I randomly ran the finger command on my machine and these two lines came up in addition to my own user (the machine is fully mine):

root      root             *pZ�            Jul  5 15:25 (:0.0)
root      root             *^A              Jul 13 16:41 (:0.0)

Does anyone know what this means? How can I find out more about who is logged in as root and what they're doing? (It could be me, but I can't recall running any sudo commands that didn't finish instantaneously).

EDIT: Thanks for taking a look at this. It turns out these are because of KVpnc - it creates one of these each time it's launched.


After using Finger command.

Login     Name       Tty      Idle  Login Time   Office     Office Phone
user      user       tty1        *  Jun  4 07:53

* - after the terminal name states that write status permission is denied.

^ - If standard output is a socket, finger will emit a carriage return (^M) before every linefeed (^J). This is for processing remote finger requests when invoked by fingerd.

Source : Finger Manpage


The :0.0 part of those indicates that those are X11 (graphical desktop) logins. They could be because you have some terminals open on your desktop as root.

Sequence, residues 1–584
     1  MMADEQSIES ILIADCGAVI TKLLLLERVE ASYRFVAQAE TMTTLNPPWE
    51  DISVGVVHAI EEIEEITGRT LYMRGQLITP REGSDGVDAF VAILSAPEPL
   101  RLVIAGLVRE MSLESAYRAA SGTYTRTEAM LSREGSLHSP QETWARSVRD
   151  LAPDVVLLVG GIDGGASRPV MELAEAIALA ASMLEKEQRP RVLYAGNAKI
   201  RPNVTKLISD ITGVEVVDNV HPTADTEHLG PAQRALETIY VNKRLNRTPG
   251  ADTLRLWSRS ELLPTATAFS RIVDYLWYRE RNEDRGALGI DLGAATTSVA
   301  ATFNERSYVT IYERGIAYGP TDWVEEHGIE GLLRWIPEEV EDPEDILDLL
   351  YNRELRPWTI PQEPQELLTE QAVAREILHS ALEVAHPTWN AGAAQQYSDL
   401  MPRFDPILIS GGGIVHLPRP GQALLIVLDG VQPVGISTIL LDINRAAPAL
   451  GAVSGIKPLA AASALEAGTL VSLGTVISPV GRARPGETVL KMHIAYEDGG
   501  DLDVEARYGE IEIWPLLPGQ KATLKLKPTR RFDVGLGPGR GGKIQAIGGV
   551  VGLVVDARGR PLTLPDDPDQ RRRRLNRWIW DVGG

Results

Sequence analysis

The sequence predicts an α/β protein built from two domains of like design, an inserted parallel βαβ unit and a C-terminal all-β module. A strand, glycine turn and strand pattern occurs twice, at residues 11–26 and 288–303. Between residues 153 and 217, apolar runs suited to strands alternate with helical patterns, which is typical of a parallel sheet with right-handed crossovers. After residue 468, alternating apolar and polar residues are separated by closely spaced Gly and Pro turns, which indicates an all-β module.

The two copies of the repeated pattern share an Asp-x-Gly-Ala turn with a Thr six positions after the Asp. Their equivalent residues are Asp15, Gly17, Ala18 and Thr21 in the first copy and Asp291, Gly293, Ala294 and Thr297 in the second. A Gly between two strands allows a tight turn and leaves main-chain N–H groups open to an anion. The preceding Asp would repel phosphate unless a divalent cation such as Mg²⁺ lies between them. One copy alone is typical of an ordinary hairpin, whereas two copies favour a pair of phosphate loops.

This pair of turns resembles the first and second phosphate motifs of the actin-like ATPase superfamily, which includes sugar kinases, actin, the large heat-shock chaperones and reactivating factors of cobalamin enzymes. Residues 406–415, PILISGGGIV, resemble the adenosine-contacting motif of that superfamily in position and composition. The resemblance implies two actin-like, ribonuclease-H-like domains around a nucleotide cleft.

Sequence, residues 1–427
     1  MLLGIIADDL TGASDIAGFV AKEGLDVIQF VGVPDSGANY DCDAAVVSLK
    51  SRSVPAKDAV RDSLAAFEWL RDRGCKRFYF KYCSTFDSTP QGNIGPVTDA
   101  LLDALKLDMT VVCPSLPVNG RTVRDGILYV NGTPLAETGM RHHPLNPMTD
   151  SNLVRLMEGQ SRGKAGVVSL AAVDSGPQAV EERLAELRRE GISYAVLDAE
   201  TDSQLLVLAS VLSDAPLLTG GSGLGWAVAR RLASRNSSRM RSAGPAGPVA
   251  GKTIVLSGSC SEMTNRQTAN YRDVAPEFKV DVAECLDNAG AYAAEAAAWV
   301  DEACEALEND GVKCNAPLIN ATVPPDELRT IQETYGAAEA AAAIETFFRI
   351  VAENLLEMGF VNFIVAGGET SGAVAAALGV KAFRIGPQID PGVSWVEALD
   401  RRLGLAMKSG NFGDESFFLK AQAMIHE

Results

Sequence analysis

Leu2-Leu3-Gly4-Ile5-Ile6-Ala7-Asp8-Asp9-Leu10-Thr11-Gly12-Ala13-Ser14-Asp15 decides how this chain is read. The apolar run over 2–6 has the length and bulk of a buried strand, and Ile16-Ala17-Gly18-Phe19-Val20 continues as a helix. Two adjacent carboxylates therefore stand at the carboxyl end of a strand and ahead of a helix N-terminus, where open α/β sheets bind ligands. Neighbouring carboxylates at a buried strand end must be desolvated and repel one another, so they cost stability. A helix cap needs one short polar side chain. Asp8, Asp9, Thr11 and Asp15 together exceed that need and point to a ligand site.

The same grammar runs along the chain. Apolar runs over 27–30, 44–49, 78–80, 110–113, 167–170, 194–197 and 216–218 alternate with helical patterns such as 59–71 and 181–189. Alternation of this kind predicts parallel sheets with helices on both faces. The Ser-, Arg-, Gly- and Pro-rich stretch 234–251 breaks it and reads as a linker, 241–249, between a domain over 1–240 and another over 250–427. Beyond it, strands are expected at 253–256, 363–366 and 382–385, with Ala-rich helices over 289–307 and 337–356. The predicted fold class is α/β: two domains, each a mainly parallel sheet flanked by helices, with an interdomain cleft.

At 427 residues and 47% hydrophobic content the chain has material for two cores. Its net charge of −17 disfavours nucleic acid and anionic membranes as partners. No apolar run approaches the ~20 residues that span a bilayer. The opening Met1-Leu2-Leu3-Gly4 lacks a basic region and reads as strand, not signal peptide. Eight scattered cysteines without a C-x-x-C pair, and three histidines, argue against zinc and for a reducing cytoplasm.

The answer to the following question might be related: https://superuser.com/questions/50935/what-does-it-mean-when-i-appear-twice-in-the-output-given-by-finger-on-ubuntu

The weird characters in the middle could be a character-encoding problem. Do you have a non-english language installed?

To see the list of all processes being run as root, you can run 'ps' and look for unusual processes:

ps -xeU root

Note that, if it's a hacker or a rootkit, their tracks will probably be covered and you won't be able to see anything at this level. Use a tool like chkrootkit if you think that's likely.

  • Thanks for your answer - it turns out these were because of KVpnc. I did run the ps command, but couldn't find anything! If root has a tty open, there should be some process related to it right? – Ansari Jul 16 '12 at 18:01
  • You might need to play around with the flags for ps to see all of the processes, since it's possible for a process to be running without being tied to a specific tty. The flags I used above show most but probably not all processes owned by root. – ImaginaryRobots Jul 16 '12 at 18:17

It turns out these sessions were created because of KVpnc - it creates one of these each time it's launched.

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